Opposition to parents spanking their children has been growing significantly in elite circles over the past few years. And, my blogs on spanking are among the most read of those I publish. Therefore, I’ve decided to, with the help of the research of my friends Den Trumbull, MD, S. DuBose Ravenel, MD, to look a the arguments used against spanking, to see if they hold any water. This is the seventh in a 12 part series.
Argument #6: Spanking teaches a child that “might makes right,” that power and strength are most important and that the biggest can force their will upon the smallest.
Counterpoint: Parental power is commonly exerted in routine child rearing and spanking is only one example.
Other situations where power and restraint are exercised by the average parent include:
Power and control over the child are necessary at times to ensure safety, health and proper behavior.
Classic child rearing studies have shown that some degree of power, assertion, and firm control is essential for optimal child rearing.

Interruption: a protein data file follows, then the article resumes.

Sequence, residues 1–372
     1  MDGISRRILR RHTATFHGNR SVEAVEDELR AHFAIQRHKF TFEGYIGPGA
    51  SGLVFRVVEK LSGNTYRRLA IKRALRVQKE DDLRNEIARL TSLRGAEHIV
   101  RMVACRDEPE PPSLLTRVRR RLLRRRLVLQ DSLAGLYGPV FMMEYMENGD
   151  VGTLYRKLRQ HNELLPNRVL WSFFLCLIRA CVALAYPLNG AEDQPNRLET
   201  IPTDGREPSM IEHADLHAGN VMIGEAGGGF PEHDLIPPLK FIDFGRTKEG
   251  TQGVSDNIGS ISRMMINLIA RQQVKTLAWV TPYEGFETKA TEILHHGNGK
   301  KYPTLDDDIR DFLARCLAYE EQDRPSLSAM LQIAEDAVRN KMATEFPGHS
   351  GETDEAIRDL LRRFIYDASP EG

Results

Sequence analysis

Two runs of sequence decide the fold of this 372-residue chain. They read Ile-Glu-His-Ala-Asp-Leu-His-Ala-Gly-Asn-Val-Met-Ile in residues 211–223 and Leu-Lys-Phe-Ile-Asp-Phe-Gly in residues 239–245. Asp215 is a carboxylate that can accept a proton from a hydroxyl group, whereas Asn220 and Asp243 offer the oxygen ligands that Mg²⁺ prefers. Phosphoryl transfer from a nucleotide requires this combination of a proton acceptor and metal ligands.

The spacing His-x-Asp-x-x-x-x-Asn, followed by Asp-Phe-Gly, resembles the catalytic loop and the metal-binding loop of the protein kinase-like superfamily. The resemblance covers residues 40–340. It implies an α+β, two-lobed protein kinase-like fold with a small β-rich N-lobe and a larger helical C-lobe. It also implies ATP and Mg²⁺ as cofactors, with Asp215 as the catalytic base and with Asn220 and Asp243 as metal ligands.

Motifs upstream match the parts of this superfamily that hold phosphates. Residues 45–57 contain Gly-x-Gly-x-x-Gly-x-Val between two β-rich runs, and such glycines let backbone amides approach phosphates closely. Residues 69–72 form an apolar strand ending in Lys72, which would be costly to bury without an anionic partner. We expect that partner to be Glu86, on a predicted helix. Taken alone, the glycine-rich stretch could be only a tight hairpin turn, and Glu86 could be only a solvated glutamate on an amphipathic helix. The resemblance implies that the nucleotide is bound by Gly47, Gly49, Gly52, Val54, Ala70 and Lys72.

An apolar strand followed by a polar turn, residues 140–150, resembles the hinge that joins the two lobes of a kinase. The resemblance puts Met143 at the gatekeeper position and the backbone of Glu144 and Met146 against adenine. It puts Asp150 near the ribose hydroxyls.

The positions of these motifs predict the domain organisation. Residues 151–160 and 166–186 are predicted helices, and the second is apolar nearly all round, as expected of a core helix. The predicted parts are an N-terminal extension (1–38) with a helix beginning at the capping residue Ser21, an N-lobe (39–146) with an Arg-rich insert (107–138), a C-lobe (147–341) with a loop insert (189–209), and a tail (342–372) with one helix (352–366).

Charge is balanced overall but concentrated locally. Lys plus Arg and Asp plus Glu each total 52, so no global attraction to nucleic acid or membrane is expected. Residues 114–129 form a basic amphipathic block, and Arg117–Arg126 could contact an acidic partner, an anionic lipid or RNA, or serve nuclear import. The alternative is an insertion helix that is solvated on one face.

When power is exerted in the context of love and for the child’s benefit, the child will not perceive it as bullying or demeaning.
Here’s the entire series:
You can read more of my blogs on spanking here:
By the way, an introduction is in order. Den A. Trumbull, MD is a board-certified pediatrician in private practice in Montgomery, Alabama. He is Vice President of the American College of Pediatricians. S. DuBose Ravenel, MD is a board-certified pediatrician in private practice in High Point, North Carolina. He served for 11 years on the pediatric faculty of the University of North Carolina School of Medicine prior to entering private practice.